Cutting Onions: 13 Ways to Stop Crying!
Many people know how uncomfortable it is to get that burning feeling in your eyes when you’re cutting onions. Most people end up looking like they’re crying!
Anyone who sees them like this they may think that the person is going through a bad time emotionally. This is a really annoying experience, and can make you feel pretty exasperated.
Why does cutting onions make us cry?
When you cut onions, they releases a substance called alliinase, which is what causes the emission of an irritating molecule called syn-propanethial-s-oxide or propanethial, which is the cause of the eye irritation and tears.
This molecule is a sulphurated essential oil, which catches easily in the nose and irritates the nasal mucus. When you breath in propanethial, its irritating action causes that annoying tearing and burning in the eyes. It’s so annoying that you sometimes have to leave the kitchen to recover.
Since most people tend to cry when they have to deal with onions, today we want to share with you the best tricks so that you can learn how to cut onions without tearing up. These tricks are based on avoiding or reducing the emission of the volatile substance, as well as minimizing its effects.
Read more: Onion Juice: How to Extract it and its Uses
The best tricks to stop the tears
- The first trick we recommend is to rub the cutting board with a piece of lemon before dicing the onion. Then you can cut it easily and it will help to prevent discomfort in your eyes. This trick can also help you prevent the strong smells of onion from penetrating into the board.
- If you are thinking about cutting an onion while you are cooking, try to put the knife in the freezer for 15 minutes before you cut. You should use it when it is pretty cold.
- Make sure you have a good knife to cut your onions. It should have a smooth and sharp blade.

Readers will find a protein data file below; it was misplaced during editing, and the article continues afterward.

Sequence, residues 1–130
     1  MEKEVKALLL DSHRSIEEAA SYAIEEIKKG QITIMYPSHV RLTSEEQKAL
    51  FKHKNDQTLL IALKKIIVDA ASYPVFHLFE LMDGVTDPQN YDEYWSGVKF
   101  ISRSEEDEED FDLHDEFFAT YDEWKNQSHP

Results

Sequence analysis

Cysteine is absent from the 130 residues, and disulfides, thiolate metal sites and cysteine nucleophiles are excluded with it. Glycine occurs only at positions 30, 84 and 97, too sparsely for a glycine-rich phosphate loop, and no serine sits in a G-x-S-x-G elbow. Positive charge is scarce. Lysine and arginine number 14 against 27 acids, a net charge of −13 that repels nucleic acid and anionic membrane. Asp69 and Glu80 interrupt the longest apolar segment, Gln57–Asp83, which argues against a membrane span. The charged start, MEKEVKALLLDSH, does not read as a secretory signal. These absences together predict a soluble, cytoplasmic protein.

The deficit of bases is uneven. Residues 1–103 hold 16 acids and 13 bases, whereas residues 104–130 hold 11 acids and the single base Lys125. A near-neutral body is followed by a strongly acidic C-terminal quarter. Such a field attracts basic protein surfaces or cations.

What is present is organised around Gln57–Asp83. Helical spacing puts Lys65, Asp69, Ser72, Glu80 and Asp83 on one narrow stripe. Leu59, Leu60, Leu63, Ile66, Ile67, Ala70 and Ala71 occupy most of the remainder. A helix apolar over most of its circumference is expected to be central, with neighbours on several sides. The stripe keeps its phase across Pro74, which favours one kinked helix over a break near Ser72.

- An excellent trick that often works is to cut the onion with your smoke extractor hood turned on.
- Another good option is to dice an onion in an area with good air flow. In this way, you’ll be able to disperse the acids that are released when you cut the onion. These are what cause you to cry.
- Another good option is to put the onion in the freezer for at least an hour before you cut it. The onion being cold will be very useful for preventing the annoying tears and burning.
- When cutting onions, put the knife in cold water or vinegar a few times. It is a very simple trick but it will only reduce tears by a little.
- Be sure to use a serrated knife. This will make more enzymes that cause burning and crying to be released and it’ll delay the crying.
Water and sunglasses
- Water can help get rid of the gas that the onion releases when you cut it, which is what causes burning and crying. It’s best to fill a container with water and put it close to where you are cutting the onions.
- Put boiling water where you are going to cut the onions so that the steam disperses the gases from the onion as you cut it.
- Although it may seem funny, you can use sunglasses or goggles while you cut onions. This trick will prevent the bothersome feeling of burning and crying and you’ll be able to cut your onions without any problem. In fact, there are glasses designed for cutting onions in stores and these cost around 20 dollars.
- Another trick that can work is to first cut the onion into big pieces and then let it soak in boiling water for a few minutes before cutting it into thin pieces.
- If none of these tricks work, you can consider substituting normal onions with green onions, although they won’t give your meals the same flavor.
All cited sources were thoroughly reviewed by our team to ensure their quality, reliability, currency, and validity. The bibliography of this article was considered reliable and of academic or scientific accuracy.
- Vågen, I. M., & Slimestad, R. (2014). Worth crying for: A search for mild and health-boosting onions for very long day conditions. In Acta Horticulturae. https://doi.org/10.17660/ActaHortic.2014.1040.46
Block, E. (2010). The Chemistry of Garlic and Onions. Scientific American. https://doi.org/10.1038/scientificamerican0385-114